- Carlo Allegri/Reuters
In September 2015, writer and statistician Nate Silver urged people to “calm down” about the possibility of Donald Trump winning the Republican presidential nomination.
Two months later, he wrote that the media should “stop freaking out about Donald Trump’s polls” and that Trump’s odds were “higher than 0 but (considerably) less than 20 percent.”
“Other than being early skeptics of Jeb Bush, we basically got the Republican race wrong,” Silver wrote.
It’s easy to cringe at how, in August, for instance, Silver outlined the “six stages of doom” that he foresaw for Trump in the coming months – and how, in December, he updated the post to note that “the most difficult hurdles between Donald Trump and the Republican presidential nomination are still to come.”
So how did the site that prides itself on a numbers-based approach end up just another late-stage Trump bear with its tail between its legs? Silver has some ideas.
For one, some of Silver’s earliest Trump doomsday analysis was, by its own admission, in line with the theories of “The Party Decides,” a theory that posits candidates must be electable and believers in the party’s positions. By January, Silver was rereading the book: Either the book’s hypothesis that functioning parties nominate strategic candidates is wrong, he said then, or the Republican Party is not a functioning one.
But Silver isn’t giving up on “The Party Decides” quite yet. So when, on Wednesday, Silver admitted that “in Trump, the Republican Party may have a candidate who fails on both counts,” he unsurprisingly also argued for the “failings of the Republican Party as an institution.”
To me, the most surprising part of Trump’s nomination – which is to say, the part I think I got wrongest – is that Trump won the nomination despite having all types of deviations from conservative orthodoxy. He seemed wobbly on all parts of Reagan’s three-legged stool: economic policy (he largely opposes free trade and once advocated for a wealth taxand single-payer health care), social policy (consider his constant flip-flopping over abortion), and foreign policy (he openly mocked the Bush administration’s handling of the Iraq War, which is still fairly popular among Republicans).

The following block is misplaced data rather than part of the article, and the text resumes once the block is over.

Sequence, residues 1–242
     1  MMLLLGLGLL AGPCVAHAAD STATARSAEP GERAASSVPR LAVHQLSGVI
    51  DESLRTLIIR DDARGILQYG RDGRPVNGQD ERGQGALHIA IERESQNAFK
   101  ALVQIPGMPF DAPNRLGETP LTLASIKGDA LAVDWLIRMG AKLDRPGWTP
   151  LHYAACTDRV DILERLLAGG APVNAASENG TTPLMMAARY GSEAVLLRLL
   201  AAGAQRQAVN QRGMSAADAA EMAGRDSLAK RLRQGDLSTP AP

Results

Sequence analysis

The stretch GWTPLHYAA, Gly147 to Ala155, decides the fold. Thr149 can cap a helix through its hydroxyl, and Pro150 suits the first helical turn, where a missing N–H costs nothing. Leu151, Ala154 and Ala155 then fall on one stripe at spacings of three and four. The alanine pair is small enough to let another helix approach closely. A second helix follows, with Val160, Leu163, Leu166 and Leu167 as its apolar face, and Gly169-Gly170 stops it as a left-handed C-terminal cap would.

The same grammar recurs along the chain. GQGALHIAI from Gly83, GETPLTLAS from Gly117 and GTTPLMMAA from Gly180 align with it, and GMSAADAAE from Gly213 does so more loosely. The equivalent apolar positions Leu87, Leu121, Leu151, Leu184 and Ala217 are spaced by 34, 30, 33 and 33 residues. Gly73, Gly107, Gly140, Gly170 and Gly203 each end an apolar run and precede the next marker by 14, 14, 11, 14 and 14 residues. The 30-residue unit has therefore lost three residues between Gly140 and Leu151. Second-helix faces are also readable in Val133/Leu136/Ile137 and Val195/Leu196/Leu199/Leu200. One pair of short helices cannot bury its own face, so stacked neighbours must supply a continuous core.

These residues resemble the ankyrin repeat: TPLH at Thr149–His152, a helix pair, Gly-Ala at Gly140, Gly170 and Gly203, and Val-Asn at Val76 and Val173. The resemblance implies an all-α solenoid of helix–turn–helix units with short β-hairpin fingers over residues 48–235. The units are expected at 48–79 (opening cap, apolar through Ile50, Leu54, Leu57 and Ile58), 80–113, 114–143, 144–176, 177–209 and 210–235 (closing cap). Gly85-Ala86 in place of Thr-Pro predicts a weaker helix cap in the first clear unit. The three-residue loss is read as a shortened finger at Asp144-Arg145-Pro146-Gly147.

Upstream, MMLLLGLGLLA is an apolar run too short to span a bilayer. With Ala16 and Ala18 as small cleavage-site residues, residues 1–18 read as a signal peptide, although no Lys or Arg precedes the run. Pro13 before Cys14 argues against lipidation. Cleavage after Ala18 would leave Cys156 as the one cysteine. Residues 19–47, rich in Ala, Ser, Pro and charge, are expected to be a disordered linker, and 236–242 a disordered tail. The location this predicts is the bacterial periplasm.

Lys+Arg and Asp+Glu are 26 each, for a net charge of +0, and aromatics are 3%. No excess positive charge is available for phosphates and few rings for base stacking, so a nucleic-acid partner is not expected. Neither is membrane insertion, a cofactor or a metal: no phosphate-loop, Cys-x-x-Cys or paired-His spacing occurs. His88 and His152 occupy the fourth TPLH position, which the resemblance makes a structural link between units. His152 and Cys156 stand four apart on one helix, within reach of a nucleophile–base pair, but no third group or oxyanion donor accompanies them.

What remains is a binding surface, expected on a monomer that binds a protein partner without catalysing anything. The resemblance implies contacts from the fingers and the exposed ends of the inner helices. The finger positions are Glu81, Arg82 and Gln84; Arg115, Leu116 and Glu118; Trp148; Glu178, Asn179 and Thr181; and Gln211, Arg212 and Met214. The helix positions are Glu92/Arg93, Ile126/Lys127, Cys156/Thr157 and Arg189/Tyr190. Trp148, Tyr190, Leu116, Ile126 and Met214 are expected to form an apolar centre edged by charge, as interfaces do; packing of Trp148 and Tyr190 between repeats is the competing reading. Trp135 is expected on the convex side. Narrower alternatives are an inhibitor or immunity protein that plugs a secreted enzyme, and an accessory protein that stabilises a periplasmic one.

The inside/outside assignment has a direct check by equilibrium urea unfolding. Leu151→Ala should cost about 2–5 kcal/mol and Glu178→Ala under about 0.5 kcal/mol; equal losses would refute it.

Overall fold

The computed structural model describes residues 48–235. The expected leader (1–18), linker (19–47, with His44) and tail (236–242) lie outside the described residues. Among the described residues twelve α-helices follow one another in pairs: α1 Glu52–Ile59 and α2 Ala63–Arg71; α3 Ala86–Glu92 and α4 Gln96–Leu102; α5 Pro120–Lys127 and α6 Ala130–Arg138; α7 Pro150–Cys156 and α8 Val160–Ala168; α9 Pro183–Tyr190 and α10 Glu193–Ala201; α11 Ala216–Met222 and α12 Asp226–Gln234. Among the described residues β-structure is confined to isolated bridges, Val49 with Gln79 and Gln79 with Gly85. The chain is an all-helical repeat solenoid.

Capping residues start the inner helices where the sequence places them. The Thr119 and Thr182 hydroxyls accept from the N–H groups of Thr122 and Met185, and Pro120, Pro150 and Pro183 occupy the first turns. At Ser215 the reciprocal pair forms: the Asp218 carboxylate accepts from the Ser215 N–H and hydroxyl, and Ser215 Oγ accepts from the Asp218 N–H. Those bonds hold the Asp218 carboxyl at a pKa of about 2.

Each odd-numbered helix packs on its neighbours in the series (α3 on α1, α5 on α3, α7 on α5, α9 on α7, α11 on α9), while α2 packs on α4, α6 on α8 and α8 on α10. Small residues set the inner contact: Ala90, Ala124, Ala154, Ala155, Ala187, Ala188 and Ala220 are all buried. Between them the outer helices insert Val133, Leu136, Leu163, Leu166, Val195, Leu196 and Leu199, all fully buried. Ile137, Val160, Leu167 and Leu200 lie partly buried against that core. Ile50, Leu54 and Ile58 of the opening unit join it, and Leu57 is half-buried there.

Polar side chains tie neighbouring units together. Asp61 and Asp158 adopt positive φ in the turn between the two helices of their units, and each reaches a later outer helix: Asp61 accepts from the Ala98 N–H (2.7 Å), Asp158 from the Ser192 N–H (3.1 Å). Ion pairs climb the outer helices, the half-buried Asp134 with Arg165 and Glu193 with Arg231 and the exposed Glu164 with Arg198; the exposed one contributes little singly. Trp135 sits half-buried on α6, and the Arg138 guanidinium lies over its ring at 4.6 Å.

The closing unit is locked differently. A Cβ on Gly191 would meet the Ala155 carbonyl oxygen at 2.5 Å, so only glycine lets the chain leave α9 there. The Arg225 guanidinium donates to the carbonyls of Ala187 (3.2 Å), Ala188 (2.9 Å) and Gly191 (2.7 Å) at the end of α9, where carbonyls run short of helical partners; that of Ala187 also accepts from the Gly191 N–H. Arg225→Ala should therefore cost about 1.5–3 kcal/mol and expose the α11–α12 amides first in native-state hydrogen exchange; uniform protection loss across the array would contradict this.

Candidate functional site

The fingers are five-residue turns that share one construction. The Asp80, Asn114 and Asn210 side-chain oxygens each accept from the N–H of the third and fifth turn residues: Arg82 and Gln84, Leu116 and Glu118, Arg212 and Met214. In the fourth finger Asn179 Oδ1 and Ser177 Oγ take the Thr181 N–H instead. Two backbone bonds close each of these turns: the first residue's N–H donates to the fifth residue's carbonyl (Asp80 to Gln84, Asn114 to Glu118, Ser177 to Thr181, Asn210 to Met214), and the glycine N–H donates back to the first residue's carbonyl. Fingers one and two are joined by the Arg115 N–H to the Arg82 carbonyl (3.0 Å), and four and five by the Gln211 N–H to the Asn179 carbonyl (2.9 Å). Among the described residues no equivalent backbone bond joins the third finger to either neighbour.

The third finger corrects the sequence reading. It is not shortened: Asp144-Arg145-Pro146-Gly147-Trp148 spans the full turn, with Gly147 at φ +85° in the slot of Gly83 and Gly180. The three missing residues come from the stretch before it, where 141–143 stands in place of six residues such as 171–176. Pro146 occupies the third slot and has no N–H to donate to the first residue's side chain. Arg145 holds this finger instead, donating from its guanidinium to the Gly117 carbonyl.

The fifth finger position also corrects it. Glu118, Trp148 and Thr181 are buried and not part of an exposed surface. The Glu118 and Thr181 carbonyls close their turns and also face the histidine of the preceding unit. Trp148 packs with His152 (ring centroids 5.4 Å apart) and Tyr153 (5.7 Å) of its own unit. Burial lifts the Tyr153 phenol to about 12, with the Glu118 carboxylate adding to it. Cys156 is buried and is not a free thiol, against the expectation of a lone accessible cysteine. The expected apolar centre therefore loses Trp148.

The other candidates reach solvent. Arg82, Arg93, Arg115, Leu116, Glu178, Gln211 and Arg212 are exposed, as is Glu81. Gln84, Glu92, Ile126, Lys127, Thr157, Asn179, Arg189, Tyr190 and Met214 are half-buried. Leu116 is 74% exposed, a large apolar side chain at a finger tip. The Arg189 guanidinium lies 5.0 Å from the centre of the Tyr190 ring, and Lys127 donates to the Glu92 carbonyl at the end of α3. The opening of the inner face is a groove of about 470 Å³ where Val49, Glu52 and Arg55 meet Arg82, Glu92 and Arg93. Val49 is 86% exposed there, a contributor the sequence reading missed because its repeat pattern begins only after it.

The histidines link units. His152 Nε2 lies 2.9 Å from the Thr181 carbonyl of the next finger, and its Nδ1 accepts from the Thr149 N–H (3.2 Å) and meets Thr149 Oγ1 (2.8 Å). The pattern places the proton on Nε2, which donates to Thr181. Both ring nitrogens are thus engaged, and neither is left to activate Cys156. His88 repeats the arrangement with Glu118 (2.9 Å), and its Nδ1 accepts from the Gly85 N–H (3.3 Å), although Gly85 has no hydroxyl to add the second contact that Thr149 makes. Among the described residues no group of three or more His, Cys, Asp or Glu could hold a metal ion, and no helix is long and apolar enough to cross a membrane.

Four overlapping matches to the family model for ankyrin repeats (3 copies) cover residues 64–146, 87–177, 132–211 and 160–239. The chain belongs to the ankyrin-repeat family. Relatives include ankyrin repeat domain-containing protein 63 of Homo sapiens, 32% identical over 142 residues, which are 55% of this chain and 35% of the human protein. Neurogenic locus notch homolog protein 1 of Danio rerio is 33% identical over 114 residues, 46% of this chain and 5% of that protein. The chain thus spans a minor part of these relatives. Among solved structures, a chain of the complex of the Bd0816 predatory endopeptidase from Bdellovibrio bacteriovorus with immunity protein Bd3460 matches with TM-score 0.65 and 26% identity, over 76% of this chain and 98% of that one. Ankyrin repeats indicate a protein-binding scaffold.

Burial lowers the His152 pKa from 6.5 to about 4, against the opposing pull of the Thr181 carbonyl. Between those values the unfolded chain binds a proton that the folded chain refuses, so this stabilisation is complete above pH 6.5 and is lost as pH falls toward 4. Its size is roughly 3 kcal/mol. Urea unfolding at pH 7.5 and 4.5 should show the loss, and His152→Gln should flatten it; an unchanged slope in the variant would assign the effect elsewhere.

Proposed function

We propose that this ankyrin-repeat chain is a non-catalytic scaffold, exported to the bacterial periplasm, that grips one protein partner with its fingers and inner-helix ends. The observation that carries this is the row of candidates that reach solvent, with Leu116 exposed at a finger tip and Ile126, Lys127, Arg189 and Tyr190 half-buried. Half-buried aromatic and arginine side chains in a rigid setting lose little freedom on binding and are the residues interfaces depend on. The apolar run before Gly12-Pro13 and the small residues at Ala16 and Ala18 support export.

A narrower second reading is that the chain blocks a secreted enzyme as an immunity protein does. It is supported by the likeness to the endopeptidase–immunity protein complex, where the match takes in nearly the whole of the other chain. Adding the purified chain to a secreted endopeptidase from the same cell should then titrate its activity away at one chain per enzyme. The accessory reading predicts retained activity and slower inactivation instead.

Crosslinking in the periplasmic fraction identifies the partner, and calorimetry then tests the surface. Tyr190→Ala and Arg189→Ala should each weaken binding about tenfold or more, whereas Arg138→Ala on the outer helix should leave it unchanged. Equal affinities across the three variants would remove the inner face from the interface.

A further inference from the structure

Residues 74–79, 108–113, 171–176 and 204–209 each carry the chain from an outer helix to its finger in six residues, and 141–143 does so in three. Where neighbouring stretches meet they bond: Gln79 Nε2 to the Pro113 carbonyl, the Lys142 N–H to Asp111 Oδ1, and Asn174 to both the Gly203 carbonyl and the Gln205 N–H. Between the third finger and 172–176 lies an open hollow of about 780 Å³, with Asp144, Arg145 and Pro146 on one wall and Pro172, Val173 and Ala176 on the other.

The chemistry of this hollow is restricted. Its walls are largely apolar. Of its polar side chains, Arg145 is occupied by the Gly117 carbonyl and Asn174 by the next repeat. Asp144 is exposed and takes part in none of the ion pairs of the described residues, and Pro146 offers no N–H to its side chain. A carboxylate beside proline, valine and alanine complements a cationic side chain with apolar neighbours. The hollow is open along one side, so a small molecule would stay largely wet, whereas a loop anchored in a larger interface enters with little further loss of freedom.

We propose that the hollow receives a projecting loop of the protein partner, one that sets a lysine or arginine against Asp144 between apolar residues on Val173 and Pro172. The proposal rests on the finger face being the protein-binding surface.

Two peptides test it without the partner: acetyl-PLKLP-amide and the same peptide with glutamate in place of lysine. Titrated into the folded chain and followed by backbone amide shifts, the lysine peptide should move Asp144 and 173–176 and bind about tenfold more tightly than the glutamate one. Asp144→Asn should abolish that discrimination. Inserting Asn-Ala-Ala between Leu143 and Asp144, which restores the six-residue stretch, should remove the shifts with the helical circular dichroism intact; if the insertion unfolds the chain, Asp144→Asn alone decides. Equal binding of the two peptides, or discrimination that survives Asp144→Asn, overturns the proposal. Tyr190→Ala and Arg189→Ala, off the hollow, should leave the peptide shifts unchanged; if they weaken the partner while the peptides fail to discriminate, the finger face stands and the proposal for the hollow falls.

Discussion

But Republican institutional failure alone is only one of three major facets of Silver’s analysis, which simultaneously addressed Trump’s success and Silver’s (predictive) failure.
The other two components are the incredible volume of media coverage of Trump and the tribal nature of Republican primary voters. On the latter, Silver said that Trump’s appeal to “cultural grievance” worked.
“It’s a point in favor of those who see politics as being governed by cultural identity,” he wrote, “as opposed to carefully calibrating one’s position on a left-right spectrum.”
Statistical analysis is always still analysis and, as such, requires some assumptions. And though he didn’t address it specifically in his post on Wednesday, Silver said in November that a statistical approach to presidential-campaign prediction is a hard problem because there’s only so much data.
Perhaps Silver’s most prescient prediction came in November: “Unprecedented events can occur with some regularity.”